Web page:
The True Pagan Origins of Easter
Easter Sunday is a time when the Christians of the world are celebrating the resurrection of Jesus Christ, whilst Christians and non-Christians alike will no doubt be feasting on chocolate eggs. The consumption of chocolate eggs is certainly not a Christian tradition and historians and Biblical scholars will universally admit that before ever becoming a Christian holiday, Easter is undoubtedly a pagan festival.
This can be seen by the fact that the date of Easter weekend changes every year and it is due to Easter always being the first Sunday following the Full Moon after the Spring Equinox. Unlike the word Christmas, the Word Easter also has pagan roots and history books can trace it to the Saxons, where Eastra was the Spring Goddess.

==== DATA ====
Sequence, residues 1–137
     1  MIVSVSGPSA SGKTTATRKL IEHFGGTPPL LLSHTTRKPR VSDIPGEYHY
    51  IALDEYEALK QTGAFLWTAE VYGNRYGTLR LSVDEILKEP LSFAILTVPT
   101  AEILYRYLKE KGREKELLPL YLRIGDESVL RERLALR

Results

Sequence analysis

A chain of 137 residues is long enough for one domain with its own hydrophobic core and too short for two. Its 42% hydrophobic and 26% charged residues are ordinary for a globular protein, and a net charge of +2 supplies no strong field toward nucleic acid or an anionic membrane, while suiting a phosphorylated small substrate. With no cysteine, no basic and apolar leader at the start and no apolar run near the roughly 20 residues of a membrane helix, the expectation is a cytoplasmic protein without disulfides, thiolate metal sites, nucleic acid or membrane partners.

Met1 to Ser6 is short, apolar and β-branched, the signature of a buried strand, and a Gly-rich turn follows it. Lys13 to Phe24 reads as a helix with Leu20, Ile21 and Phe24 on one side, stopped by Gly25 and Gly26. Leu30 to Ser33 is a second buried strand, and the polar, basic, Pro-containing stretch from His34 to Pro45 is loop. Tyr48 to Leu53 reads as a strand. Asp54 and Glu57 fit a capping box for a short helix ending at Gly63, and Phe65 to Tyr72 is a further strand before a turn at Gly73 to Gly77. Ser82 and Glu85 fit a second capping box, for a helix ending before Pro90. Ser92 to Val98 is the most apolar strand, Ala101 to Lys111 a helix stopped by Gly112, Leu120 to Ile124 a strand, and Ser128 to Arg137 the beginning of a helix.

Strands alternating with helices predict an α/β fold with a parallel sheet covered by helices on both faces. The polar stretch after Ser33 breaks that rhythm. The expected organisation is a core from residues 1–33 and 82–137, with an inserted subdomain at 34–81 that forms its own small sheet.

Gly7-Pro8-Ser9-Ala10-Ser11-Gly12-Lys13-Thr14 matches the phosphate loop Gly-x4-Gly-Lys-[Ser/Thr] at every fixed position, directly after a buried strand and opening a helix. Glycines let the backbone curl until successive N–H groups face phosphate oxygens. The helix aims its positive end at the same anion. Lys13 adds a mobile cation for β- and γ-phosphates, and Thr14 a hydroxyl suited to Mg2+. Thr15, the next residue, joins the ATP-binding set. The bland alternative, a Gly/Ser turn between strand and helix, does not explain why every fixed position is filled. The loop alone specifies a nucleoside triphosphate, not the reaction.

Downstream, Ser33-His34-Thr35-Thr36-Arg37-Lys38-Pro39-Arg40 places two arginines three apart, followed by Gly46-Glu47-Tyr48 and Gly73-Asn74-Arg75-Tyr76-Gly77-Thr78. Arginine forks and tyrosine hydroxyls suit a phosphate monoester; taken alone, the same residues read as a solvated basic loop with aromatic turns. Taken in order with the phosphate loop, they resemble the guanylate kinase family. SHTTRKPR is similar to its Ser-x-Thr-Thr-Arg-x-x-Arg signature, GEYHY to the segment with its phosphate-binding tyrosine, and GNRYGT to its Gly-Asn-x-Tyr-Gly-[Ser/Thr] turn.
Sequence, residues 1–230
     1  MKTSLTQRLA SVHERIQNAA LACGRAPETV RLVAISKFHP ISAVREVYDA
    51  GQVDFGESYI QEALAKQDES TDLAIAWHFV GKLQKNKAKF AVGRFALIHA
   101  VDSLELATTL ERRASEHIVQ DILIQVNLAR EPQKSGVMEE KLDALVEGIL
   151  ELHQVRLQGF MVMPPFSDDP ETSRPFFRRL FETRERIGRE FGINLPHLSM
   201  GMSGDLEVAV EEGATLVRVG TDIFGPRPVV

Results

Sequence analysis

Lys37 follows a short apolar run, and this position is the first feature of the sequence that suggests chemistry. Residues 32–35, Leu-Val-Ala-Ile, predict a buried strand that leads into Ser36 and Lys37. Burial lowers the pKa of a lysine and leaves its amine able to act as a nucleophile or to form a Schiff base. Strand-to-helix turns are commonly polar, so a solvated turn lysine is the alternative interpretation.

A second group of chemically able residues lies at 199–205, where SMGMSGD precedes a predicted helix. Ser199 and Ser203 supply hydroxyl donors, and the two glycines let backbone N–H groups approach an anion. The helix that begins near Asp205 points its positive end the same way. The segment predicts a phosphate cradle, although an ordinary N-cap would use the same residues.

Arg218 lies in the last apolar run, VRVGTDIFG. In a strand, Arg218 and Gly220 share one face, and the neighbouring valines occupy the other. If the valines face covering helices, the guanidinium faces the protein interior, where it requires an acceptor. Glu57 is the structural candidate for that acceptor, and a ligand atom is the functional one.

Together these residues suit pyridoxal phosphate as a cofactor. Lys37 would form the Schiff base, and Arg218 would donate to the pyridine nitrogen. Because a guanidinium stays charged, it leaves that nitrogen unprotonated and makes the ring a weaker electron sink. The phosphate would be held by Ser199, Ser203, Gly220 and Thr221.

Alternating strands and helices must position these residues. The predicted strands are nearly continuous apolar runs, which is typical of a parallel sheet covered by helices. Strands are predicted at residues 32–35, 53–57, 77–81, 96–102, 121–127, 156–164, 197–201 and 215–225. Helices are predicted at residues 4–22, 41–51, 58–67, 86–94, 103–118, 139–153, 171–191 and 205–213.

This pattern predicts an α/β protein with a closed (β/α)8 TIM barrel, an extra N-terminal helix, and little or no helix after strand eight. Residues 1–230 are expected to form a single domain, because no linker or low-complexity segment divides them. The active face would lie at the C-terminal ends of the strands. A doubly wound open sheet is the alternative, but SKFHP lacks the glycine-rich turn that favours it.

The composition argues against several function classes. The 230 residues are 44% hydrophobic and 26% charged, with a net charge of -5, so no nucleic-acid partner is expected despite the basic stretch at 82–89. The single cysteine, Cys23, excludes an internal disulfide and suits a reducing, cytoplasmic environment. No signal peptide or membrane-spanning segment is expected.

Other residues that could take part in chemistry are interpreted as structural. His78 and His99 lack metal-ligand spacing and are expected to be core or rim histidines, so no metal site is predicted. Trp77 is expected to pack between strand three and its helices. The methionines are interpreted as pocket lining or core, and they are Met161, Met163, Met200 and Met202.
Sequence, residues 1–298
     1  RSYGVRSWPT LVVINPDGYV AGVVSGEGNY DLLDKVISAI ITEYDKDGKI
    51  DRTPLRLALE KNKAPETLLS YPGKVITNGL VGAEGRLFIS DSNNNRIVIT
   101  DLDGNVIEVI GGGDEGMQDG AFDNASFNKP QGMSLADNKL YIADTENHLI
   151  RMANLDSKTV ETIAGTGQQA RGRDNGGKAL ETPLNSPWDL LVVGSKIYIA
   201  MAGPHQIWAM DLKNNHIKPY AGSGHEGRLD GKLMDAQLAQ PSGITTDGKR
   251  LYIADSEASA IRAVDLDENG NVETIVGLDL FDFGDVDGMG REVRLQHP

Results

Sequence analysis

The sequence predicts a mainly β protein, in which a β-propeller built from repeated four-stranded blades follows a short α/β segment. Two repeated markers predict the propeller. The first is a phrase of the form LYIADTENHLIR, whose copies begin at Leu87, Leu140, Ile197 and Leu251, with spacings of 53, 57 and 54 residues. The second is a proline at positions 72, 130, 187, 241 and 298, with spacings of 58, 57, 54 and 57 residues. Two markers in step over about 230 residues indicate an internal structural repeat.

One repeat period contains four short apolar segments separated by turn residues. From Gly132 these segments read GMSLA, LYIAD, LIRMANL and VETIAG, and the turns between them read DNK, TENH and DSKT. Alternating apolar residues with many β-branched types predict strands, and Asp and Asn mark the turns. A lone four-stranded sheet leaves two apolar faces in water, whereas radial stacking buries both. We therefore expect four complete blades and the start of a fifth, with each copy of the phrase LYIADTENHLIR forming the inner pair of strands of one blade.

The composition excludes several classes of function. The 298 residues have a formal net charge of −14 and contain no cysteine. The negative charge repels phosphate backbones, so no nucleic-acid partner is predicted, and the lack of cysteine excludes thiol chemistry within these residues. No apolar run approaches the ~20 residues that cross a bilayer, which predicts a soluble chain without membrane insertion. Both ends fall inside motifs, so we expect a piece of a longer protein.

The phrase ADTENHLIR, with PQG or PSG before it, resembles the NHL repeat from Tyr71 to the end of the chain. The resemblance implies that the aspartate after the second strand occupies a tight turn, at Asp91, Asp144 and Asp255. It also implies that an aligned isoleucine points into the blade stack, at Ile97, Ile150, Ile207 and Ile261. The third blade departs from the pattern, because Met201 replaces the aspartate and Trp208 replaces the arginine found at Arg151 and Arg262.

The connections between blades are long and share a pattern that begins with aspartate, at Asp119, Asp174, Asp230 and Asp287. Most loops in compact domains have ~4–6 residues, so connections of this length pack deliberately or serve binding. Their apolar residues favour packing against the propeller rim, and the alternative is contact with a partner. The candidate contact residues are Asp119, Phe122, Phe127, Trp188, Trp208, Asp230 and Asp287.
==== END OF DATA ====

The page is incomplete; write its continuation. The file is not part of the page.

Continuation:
It wasn’t until the 8th century when the Anglo-Saxons took the name from the goddess and married her up with the resurrection of Jesus to form the new Christian holiday of Easter. Easter as a celebration goes back much further than the Saxons and some say it even goes as far back as the Sumerians and the legend of Damuzi (or Tammuz) and Ishtar (or Inanna). The legend is known as ‘The Descent of Inanna’ and was found inscribed on a 4,100-year-old clay tablet. As Tammuz dies, Ishtar follows him into the underworld where she gets judged, killed, and hung on display. Meanwhile, the earth goes into decline with crops failing, animals stop reproducing.
A lot of the information in this video comes from the brilliant article by Joanna Gillian from Ancient Origins and you can read this now at https://www.ancient-origins.net/myths… for more detailed information. All images are taken from Google Images for educational purposes only.
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